"Peace is not the absence of conflict," President Reagan once said. It is the ability to cope with conflict by peaceful means. President Kennedy warned Americans not to see conflict as inevitable, accommodation as impossible, and communication as nothing more than the exchange of threats. It is time to apply such wisdom. The deal before us doesn't bet on Iran changing, it doesn't require trust, it verifies and requires Iran to forsake a nuclear weapon.
 
Just as we struck agreements with the Soviet Union at a time when they were threatening our allies, arming proxies against us, proclaiming their commitment to destroy our way of life, and had nuclear weapons pointed at all of our major cities, a genuine existential threat.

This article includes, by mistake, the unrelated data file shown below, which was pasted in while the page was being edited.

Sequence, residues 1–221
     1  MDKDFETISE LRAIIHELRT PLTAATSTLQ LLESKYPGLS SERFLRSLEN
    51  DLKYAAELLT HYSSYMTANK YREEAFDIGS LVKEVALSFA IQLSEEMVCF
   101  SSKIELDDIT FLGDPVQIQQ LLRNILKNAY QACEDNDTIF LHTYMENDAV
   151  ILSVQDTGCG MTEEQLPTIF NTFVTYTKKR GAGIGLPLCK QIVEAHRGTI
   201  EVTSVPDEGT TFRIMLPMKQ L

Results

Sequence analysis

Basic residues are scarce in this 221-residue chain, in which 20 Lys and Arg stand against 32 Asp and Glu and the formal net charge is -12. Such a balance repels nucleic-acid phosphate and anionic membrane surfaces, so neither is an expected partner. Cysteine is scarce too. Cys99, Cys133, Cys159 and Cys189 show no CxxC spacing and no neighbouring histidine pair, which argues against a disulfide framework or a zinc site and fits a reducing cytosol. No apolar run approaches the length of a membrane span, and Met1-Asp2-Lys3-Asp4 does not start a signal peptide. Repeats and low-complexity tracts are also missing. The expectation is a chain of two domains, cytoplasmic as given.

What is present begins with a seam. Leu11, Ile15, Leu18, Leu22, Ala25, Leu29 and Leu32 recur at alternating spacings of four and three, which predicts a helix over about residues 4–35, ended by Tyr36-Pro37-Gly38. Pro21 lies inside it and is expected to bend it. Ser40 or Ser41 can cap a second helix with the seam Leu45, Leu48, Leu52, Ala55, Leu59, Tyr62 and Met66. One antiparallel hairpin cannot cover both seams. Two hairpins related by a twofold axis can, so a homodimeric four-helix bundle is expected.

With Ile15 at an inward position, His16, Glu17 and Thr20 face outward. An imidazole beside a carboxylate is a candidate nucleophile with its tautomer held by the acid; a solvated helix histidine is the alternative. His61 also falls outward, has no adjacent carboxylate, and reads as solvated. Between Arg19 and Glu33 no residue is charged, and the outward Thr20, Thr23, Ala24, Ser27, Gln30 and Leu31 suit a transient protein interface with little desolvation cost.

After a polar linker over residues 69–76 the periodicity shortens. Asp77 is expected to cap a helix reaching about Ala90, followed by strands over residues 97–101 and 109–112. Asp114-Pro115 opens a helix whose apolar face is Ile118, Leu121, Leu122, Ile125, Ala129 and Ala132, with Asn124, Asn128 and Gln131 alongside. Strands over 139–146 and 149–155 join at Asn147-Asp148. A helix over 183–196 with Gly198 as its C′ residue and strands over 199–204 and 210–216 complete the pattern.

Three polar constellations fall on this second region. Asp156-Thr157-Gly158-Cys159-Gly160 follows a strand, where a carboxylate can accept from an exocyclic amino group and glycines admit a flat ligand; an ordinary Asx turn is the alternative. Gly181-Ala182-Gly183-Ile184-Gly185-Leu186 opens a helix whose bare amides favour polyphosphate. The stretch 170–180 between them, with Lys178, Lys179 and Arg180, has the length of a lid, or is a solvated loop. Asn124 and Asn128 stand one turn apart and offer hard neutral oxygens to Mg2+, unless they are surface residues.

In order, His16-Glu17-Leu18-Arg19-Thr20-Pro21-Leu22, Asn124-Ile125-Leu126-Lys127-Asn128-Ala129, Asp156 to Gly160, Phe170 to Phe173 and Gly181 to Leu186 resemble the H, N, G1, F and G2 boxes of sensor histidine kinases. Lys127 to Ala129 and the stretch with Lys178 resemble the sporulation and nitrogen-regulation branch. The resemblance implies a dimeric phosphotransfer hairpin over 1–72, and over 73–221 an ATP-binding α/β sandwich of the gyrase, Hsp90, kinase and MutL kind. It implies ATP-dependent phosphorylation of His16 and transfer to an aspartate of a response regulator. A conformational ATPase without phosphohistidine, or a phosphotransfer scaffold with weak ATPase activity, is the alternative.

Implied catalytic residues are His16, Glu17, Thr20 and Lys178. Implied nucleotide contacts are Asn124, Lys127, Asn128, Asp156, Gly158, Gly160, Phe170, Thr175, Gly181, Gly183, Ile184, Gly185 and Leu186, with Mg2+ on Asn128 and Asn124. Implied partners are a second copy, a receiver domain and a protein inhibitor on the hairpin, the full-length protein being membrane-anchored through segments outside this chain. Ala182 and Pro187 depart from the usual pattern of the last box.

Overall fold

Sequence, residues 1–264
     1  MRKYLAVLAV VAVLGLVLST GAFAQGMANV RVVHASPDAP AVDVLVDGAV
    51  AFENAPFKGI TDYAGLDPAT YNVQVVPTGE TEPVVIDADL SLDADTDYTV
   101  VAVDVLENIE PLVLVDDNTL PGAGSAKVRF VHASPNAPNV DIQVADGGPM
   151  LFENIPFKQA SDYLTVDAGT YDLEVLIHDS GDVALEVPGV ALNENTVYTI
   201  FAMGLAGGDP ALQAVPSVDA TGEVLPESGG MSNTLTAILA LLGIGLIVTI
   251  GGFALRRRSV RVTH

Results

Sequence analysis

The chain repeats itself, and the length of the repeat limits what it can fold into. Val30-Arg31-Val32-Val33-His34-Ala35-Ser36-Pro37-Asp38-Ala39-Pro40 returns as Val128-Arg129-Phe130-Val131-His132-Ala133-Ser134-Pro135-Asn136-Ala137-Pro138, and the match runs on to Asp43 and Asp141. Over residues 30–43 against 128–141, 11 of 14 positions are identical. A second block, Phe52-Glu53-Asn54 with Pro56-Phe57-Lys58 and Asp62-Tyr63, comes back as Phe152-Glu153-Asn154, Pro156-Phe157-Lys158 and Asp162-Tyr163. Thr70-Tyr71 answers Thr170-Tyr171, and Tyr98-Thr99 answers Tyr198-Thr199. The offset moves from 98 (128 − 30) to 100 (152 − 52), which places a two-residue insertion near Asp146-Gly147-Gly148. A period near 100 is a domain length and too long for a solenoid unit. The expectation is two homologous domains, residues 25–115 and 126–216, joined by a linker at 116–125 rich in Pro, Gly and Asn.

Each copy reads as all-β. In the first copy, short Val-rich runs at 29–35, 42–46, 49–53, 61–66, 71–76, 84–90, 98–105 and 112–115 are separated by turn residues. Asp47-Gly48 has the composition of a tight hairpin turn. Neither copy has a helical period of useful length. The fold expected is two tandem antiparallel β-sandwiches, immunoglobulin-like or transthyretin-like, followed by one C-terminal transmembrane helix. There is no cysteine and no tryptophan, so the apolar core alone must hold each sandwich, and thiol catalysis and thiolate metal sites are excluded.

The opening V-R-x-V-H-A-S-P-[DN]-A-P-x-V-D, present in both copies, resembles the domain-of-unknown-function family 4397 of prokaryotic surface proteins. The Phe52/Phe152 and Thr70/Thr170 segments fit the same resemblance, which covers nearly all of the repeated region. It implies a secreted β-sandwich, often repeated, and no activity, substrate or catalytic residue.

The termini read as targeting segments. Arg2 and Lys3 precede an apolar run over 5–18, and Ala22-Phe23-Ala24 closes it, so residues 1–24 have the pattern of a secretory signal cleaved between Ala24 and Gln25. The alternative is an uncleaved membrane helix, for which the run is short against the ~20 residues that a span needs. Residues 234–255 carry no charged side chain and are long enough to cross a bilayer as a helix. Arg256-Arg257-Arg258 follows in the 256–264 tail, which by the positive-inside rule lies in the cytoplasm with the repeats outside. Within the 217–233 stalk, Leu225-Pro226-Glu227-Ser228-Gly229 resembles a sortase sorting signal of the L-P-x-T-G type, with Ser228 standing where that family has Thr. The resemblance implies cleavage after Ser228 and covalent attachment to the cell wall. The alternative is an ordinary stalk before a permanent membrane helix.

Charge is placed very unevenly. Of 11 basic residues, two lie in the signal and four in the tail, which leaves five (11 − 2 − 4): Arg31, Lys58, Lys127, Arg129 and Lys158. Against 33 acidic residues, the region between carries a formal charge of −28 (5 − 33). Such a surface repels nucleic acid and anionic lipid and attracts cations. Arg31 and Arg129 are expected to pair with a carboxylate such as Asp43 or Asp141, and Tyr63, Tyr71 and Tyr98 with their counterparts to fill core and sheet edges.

You know, we live in a complicated world, a world in which the forces unleashed by human innovation are creating for our children that were unimaginable for most of human history.
 
It is also a world of persistent threats, a world in which mass violence and cruelty is all too common and human innovation risks the destruction of all that we hold dear.
 
In this world, the United States of America remains the most powerful nation on Earth, and I believe that we will remain such for decades to come.
 
But we are one nation among many, and what separates us from the empires of old, what has made us exceptional, is not the mere fact of our military might.